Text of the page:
Teeth in the Tiger: Organizational Standing as a Critical Component of Fair Housing Act Enforcement

Author(s): 
Melissa Rothstein & Megan K. Whyte
Publication Date: 
April 19, 2012

ACS is pleased to distribute “Teeth in the Tiger: Organizational Standing as a Critical Component of Fair Housing Act Enforcement,” an Issue Brief by Melissa Rothstein, Deputy Director of the Equal Rights Center, and Megan K. Whyte, Director of the Fair Housing Project at the Washington Lawyers’ Committee for Civil Rights and Urban Affairs.

Litigation by fair housing organizations has been essential to ensure compliance with the Fair Housing Act and other civil rights laws. In recent years, however, courts have chipped away at the ability of civil rights organizations to gain access to the courts, even as studies reveal that administrative mechanisms alone are insufficient to cure discrimination. In this Issue Brief, the authors explore the importance of organizational standing with respect to fair housing organizations, and why broad standing requirements for enforcement actions under the Fair Housing Act (FHA) should remain intact.

The authors discuss the enforcement mechanisms within the Fair Housing Act and provide a history of organizational standing in fair housing cases, finding that “the legislative and judicial history of the FHA and the FHA Amendments [are] clear that an expansive view of standing … is appropriate in FHA actions.” According to the Issue Brief, any efforts to erect new barriers to standing conflict with the intent of the law and would stifle fair housing organizations’ work to combat discrimination. Modern discriminatory housing practices, the Issue Brief suggests, are successfully addressed by fair housing organizations because they “have the knowledge and capacity to gather evidence, propose effective remedies, and monitor compliance."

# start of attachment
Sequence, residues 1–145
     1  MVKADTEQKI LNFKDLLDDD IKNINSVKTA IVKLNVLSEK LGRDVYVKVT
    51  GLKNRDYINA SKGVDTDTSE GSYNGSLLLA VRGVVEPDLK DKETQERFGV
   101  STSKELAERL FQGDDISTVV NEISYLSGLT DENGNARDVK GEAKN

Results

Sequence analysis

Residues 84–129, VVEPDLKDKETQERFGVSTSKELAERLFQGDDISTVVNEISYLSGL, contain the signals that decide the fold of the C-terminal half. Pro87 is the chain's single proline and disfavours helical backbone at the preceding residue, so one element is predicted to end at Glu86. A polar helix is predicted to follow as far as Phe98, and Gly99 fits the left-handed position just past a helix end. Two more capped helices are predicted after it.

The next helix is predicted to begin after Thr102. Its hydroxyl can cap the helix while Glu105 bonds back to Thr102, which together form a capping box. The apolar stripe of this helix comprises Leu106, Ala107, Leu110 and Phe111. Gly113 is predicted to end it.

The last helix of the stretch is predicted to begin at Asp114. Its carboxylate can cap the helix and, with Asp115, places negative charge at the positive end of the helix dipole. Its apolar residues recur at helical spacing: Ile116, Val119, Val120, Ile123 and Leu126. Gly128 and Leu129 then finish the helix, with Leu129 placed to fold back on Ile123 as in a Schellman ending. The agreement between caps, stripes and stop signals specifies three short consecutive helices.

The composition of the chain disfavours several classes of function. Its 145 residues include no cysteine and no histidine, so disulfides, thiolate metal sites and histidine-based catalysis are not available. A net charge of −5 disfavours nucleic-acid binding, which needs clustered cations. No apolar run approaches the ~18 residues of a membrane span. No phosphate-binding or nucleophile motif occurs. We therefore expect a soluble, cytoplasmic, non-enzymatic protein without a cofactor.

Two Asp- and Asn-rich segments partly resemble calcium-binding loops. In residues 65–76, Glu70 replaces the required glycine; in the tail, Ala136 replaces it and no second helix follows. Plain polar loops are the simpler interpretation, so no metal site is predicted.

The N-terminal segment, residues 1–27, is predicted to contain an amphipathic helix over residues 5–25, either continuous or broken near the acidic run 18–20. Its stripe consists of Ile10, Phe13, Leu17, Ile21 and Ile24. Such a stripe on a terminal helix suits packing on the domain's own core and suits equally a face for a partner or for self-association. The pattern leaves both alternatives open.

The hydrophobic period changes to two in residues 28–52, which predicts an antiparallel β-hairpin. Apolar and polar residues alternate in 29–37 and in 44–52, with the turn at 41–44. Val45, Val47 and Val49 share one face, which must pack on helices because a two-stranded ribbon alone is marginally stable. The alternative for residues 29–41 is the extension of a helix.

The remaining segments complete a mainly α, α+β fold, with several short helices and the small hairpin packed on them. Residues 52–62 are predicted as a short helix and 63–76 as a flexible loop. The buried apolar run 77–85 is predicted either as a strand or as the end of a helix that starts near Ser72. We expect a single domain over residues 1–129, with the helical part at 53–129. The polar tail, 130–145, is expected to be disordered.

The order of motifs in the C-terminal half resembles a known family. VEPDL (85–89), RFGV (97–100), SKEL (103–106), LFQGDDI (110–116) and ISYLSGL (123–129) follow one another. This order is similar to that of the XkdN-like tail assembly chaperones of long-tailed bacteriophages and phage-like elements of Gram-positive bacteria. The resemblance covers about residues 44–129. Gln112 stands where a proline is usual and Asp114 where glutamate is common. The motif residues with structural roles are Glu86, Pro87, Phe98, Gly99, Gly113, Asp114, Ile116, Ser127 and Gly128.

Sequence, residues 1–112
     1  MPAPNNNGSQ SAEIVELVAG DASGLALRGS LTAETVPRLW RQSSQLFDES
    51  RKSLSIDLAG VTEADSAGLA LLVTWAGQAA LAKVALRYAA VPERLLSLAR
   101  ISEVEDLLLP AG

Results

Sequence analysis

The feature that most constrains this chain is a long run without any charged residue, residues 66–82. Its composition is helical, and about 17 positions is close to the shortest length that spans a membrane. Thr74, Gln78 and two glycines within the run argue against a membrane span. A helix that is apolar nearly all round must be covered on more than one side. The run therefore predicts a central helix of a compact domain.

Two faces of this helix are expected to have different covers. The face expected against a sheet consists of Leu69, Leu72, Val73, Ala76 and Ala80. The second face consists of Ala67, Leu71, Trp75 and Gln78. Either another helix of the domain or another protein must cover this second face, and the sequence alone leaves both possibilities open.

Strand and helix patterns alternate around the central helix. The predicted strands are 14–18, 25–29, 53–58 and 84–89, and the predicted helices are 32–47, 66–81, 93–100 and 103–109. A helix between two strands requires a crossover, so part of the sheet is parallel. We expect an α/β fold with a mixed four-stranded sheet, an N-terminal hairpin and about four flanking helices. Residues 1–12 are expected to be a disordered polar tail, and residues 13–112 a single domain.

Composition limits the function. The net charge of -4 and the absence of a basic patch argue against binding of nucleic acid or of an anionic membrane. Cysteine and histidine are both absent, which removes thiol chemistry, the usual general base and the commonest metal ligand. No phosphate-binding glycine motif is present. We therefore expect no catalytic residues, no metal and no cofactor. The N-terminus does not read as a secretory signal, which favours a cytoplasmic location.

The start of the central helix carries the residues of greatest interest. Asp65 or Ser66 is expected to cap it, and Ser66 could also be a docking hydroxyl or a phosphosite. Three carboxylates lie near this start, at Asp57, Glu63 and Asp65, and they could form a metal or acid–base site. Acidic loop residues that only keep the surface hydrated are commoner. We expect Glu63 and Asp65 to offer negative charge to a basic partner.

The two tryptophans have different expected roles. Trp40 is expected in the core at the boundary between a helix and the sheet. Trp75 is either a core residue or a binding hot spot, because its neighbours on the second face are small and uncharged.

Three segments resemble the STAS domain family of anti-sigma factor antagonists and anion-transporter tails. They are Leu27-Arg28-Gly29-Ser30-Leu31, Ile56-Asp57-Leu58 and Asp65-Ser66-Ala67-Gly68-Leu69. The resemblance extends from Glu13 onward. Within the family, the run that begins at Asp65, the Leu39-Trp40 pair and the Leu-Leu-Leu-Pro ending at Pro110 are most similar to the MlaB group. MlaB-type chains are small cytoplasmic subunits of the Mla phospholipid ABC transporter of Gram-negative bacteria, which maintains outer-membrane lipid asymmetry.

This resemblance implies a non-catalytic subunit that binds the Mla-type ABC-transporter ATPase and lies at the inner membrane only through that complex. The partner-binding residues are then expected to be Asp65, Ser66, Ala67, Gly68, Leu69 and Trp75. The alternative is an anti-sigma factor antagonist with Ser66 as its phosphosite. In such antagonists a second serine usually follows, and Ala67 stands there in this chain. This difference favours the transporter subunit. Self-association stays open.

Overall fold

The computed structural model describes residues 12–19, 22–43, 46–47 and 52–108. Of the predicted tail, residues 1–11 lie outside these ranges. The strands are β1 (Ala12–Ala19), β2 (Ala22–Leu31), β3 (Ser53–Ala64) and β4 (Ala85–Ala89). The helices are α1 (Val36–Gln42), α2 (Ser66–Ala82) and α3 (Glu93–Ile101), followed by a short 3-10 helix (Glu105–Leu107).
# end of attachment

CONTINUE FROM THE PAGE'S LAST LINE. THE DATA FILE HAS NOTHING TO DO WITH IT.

The Issue Brief recommends amending the Fair Housing Act to provide a private right of action for those aggrieved by a jurisdiction’s failure to affirmatively further fair housing, thereby complementing fair housing organizations’ broad standing for FHA enforcement actions. Authors Rothstein and Whyte conclude by noting the progress made in improving equal access to housing over the past several decades—progress, the authors contend, “can be attributed in large part to the availability of private enforcement mechanisms” and the “strong avenues for [fair housing] organizations to enforce FHA violations,” which must remain intact.